Here's a simplified version of a bibliographic problem I'm facing.
A working paper estimated that Public Policy X caused Social Indicator Y to increase by 25%—practically significant, but not statistically significant at p < .05. So the paper's authors, as they told me by e-mail, omitted the discussion of Indicator Y when the paper was published in a journal.
Other studies of Policy X have found effects of 20%–40% on Indicator Y, so I'd like to cite the 25% estimate to corroborate these other studies. I'm writing for semi-popular consumption, so I'd like to minimize bibliographic clutter in the main text without confusing readers who can't find Indicator Y in the published paper. (The working and published papers have identical titles. The working paper is paywalled on every website that hosts it, and the published paper is unpaywalled on the website of one of its authors, so readers may find the published paper if they chase a citation to the working paper and aren't told that the two differ.)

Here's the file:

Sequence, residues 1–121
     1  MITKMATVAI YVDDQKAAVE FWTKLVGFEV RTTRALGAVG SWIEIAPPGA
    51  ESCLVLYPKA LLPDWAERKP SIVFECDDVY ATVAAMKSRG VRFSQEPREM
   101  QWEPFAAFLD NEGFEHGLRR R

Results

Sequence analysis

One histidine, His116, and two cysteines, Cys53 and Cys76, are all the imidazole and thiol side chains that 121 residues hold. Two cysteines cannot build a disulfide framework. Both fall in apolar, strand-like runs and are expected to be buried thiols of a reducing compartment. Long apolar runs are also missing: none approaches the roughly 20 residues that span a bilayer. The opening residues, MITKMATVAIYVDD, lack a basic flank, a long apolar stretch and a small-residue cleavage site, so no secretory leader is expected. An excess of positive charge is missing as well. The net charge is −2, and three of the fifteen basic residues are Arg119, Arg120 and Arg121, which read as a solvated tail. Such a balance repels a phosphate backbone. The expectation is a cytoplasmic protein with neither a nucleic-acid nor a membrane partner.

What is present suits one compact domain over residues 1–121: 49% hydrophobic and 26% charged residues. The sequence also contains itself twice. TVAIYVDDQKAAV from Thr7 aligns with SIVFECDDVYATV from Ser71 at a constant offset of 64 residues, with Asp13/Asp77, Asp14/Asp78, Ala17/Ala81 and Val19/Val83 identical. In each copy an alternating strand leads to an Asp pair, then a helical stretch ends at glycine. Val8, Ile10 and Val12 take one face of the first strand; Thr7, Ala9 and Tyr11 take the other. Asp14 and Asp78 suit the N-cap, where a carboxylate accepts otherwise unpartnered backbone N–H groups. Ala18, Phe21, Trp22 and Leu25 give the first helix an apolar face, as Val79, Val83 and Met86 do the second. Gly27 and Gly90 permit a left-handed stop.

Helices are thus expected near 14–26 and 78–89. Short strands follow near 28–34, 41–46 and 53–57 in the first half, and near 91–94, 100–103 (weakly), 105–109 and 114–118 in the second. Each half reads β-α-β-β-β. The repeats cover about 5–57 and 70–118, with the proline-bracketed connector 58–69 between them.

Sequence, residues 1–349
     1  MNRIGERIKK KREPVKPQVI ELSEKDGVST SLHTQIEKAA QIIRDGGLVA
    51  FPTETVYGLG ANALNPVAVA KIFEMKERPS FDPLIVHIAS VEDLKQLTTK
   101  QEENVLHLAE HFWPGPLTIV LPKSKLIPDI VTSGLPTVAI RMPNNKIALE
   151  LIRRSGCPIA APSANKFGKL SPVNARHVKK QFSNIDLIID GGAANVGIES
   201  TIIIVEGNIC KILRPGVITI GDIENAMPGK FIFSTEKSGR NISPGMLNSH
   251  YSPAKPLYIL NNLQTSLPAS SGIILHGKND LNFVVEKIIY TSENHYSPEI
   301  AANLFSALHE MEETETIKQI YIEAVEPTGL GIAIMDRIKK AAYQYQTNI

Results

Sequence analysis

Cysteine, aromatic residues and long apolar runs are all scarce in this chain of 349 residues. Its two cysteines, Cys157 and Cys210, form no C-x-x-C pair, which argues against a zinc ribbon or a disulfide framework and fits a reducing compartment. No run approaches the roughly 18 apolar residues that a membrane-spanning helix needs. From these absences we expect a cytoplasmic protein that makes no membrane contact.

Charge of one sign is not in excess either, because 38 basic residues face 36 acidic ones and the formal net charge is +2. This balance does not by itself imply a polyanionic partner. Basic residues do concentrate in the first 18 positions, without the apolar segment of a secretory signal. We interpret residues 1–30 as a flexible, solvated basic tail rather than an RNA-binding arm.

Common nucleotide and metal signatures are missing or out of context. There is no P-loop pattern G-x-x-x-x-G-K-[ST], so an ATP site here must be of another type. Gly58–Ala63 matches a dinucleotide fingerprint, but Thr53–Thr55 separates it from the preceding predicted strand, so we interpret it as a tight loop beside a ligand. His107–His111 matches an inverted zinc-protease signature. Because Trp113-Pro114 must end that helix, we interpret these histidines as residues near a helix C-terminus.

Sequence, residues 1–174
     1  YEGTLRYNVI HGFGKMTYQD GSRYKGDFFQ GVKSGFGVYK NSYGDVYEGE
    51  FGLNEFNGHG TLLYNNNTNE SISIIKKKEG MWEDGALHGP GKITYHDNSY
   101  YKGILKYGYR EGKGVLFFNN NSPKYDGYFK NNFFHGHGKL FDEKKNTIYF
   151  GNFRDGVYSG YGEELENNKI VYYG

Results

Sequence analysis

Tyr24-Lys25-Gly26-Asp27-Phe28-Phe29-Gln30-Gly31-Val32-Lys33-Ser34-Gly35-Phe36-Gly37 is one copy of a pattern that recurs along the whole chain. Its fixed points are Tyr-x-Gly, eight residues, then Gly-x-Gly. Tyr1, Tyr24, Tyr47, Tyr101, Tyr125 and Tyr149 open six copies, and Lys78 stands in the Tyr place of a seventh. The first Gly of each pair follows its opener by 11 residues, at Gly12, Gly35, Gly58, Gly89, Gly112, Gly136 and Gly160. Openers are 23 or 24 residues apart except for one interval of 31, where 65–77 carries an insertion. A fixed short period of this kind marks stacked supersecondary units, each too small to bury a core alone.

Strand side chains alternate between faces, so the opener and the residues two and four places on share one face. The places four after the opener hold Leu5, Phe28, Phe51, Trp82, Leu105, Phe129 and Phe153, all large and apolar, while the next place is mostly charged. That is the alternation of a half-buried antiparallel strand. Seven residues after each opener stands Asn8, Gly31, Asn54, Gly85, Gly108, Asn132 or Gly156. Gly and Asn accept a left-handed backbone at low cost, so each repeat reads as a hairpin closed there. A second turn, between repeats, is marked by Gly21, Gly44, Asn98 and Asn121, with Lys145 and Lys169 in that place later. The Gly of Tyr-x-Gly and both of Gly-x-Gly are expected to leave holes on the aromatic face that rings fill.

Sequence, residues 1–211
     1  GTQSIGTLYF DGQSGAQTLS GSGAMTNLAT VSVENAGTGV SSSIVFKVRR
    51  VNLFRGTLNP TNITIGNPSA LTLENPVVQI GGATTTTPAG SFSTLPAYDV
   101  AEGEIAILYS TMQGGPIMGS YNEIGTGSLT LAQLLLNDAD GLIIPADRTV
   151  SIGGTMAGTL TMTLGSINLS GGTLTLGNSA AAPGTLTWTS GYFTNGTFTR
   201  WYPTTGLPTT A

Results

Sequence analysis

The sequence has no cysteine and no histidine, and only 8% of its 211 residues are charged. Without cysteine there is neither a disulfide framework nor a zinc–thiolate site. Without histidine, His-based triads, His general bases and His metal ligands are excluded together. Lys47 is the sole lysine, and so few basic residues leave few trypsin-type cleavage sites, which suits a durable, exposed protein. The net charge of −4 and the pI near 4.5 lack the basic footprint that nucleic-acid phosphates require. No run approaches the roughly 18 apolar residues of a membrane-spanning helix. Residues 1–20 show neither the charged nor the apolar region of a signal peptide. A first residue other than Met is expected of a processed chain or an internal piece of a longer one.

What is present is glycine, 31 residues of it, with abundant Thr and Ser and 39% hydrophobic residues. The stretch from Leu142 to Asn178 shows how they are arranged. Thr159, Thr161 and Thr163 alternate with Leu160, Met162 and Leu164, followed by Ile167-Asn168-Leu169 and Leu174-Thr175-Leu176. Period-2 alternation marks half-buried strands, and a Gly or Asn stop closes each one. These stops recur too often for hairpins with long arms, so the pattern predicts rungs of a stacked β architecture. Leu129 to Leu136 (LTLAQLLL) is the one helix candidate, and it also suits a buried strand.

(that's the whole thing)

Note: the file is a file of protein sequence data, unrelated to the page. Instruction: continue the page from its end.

What's the best solution? My current idea is this, but if there's a standard method, I'd prefer that. My publisher generally follows Chicago format.
In main text:
Kent and Parker found that Policy X increased Indicator Y by approximately 25%.1 Though not statistically significant,2 this estimate corroborates independent studies' estimates, such as [etc.]
1 Clark Kent and Peter Parker. "Various Effects of Policy X." NBER Working Paper No. 90210, June 2016. Discussion of Indicator Y is absent from the version ultimately published: Clark Kent and Peter Parker. "Various Effects of Policy X." Los Angeles Journal of Sociology 16, no. 1 (2017): 42–50.
2 Peter Parker, e-mail message to author, October 31, 2017.